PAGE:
Does my adam’s apple stick out too much at this angle? I worry about this as I stand at the counter and adjust how I’m standing so the customer won’t see it right away. I maximally “prime” them with my available gender cues, minimize the cues I want to hide, and slightly adjust the way I’m standing and holding my head to hide my adam’s apple. But I know they’ll eventually see it. They always do. That or my voice will reveal my history of being exposed to testosterone. What will they think of me? Not how will they treat me. Most people are nice. But how will they internally think of me? “Oh, there’s one of those ugly trannies. Freak.” Or worse. My paranoia about this runs deep. It affects my relationships with people I don’t know extremely well. Many TERFs these days are hardcore TERFs but keep their opinions to themselves. That’s almost worse. The fake smile. The deference with the pronouns, but secretly thinking “You’re a man.”

“Hi, what can I get started for you today?”, I speak over the intercom in a strained voice, desperately doing all I can to avoid the inevitable “Sir”. Often I don’t get it. But sometimes I do. I wonder if I would get misgendered more if we lived in a time when the gender machine regulated gendered communication and encouraged “sirs” and “ma’ams” at all times. Nowadays, thank God, people more lax on the honorifics. I personally try to never use them unless absolutely necessary. What’s the point? They do practically no good and often cause much harm to trans and gender-nonconforming people. My voice is the Ur-factor in how I am perceived within the gender machine. It determines everything. Unfortunately, I know my voice is not perfect and still gets read as male to those unsuspecting strangers who might expect something else out of my mouth based on my appearance or dress.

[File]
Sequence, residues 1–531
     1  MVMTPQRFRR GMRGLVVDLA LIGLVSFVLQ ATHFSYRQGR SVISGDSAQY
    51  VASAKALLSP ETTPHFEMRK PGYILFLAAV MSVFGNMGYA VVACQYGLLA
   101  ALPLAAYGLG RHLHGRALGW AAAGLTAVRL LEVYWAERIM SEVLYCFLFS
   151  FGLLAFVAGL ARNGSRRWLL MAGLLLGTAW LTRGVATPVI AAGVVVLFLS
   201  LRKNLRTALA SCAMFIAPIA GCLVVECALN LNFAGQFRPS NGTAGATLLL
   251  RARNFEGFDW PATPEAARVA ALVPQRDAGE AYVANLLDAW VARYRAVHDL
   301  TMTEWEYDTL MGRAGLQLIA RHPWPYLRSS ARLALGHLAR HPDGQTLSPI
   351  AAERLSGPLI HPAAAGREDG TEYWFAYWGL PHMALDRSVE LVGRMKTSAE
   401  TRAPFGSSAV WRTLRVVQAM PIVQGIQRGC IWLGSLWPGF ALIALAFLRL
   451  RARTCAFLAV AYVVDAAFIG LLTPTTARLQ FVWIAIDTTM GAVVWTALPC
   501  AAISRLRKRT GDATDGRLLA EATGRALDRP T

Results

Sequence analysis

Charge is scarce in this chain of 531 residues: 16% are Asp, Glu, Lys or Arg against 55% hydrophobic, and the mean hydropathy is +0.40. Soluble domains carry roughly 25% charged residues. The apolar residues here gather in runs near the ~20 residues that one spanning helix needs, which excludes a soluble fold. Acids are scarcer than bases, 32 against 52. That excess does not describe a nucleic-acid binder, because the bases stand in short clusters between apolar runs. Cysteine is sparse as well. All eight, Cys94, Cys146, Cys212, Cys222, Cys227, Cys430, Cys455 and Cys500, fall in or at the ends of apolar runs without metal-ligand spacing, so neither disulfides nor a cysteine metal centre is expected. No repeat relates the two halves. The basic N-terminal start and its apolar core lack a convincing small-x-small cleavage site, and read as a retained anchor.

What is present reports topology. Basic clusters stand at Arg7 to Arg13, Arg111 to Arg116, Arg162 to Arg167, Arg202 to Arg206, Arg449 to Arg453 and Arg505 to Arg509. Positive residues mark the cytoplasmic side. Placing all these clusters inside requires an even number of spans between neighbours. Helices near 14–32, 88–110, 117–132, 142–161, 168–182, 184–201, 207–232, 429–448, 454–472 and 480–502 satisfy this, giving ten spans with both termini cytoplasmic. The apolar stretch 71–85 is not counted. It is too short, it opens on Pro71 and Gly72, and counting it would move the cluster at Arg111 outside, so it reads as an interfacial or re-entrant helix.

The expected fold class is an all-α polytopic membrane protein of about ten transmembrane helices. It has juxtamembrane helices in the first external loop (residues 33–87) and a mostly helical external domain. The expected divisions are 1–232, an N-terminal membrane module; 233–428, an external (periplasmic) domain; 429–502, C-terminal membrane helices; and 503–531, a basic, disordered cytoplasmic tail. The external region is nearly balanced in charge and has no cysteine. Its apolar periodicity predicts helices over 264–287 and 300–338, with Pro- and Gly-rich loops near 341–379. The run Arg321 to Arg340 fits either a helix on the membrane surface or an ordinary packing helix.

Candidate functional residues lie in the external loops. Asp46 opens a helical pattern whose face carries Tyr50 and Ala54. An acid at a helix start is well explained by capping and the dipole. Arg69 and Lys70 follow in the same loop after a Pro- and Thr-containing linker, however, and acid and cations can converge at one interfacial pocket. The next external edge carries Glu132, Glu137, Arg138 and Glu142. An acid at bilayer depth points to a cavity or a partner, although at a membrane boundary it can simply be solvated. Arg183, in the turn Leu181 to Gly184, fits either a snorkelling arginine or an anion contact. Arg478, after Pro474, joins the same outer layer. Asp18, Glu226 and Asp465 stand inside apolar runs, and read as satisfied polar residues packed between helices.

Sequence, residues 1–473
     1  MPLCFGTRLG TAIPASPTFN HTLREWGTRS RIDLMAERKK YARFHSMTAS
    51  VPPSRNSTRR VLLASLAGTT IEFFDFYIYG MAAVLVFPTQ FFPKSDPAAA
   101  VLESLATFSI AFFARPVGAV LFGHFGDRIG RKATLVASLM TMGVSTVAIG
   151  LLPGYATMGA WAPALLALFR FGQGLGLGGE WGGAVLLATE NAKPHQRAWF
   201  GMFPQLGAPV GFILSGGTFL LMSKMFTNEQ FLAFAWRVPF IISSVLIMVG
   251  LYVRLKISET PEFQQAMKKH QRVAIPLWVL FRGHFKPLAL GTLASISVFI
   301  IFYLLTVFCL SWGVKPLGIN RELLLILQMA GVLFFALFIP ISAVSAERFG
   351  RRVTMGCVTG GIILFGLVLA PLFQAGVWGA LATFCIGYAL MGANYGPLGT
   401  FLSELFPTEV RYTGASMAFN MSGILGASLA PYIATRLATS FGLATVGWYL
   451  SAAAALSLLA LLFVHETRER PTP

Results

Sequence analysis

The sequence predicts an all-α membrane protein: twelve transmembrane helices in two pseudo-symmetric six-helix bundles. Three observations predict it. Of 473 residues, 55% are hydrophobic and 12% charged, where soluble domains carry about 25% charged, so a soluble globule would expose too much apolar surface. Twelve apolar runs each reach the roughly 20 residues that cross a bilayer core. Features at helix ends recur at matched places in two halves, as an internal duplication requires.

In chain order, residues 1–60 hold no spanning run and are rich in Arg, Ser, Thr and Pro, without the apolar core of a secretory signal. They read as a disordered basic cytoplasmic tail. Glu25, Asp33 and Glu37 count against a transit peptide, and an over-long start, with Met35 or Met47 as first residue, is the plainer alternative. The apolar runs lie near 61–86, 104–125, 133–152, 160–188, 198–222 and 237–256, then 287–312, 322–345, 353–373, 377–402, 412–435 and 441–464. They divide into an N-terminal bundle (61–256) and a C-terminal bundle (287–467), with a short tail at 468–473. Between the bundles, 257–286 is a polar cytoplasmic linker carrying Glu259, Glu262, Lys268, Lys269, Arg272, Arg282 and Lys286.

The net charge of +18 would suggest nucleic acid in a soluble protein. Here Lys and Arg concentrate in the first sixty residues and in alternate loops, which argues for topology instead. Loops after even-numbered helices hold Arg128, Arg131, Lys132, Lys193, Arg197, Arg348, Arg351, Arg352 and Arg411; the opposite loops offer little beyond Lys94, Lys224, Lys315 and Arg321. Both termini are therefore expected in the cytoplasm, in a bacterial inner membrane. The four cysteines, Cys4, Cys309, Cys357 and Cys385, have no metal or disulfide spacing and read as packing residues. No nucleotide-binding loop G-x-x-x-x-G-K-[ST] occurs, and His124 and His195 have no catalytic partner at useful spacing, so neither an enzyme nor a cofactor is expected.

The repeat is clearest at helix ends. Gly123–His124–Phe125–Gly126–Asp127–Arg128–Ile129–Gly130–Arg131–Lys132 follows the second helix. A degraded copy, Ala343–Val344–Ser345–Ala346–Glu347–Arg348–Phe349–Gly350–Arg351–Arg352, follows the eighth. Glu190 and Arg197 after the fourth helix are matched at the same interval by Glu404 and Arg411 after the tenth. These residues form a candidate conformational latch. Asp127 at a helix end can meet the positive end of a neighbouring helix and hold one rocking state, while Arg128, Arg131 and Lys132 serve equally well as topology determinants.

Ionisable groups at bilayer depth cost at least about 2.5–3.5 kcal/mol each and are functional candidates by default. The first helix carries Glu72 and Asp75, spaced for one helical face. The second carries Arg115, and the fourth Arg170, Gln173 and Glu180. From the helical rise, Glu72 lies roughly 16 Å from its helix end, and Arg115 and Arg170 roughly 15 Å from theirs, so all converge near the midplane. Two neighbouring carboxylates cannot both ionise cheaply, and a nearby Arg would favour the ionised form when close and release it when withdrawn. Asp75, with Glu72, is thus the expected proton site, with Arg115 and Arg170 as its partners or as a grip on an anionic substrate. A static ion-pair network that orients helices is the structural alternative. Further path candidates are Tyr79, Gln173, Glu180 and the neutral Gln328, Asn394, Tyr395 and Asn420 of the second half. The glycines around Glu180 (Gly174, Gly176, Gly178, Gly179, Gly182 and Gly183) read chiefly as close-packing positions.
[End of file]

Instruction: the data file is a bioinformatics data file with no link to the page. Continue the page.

I wake up super early for work to placate the gender machine with makeup. I know many cis women across the world are pressured by the gender machine to wear makeup to work in order to be seen as “professioanal”, “hygienic”, or even “competent”, but I am pressured into waking up extra early to shower, shave, and put on makeup in order to maximize my available gender cues, minimize the negative ones, and ultimately reduce my chance of getting misgendered, avoiding dysphoria as much as possible. With my voice and my adam’s apple and my masculine features, makeup is a defense mechanism for me, a way to reinforce the gender cues I give off. But what I’d give to have the option to just wear a bare face but still be so effortlessly feminine that no one in their right mind would question my status in the gender machine.

Whether I eventually get misgendered or not depends on many factors, mainly to what extent these people are self-conscious regulators in the gender machine aka transphobic assholes. But it’s also ignorance. And not paying attention. But still. Regardless, the most common thing that happens is that people don’t gender me at all. I get greeted as female all the time but rarely depart as an acknowledged female. When others around me get pronouns, I often get none. Which isn’t too bad I guess. Could be worse.

My coworkers, or “partners” as we call them at Starbucks, are my literal life blood. Their acceptance of me as a woman and their automatic usage of “she” pronouns are my primary coping mechanism for dysphoria and misgendering at work. The small little genderings that happen through the day literally sustain me. It means so little to them, yet so much to me.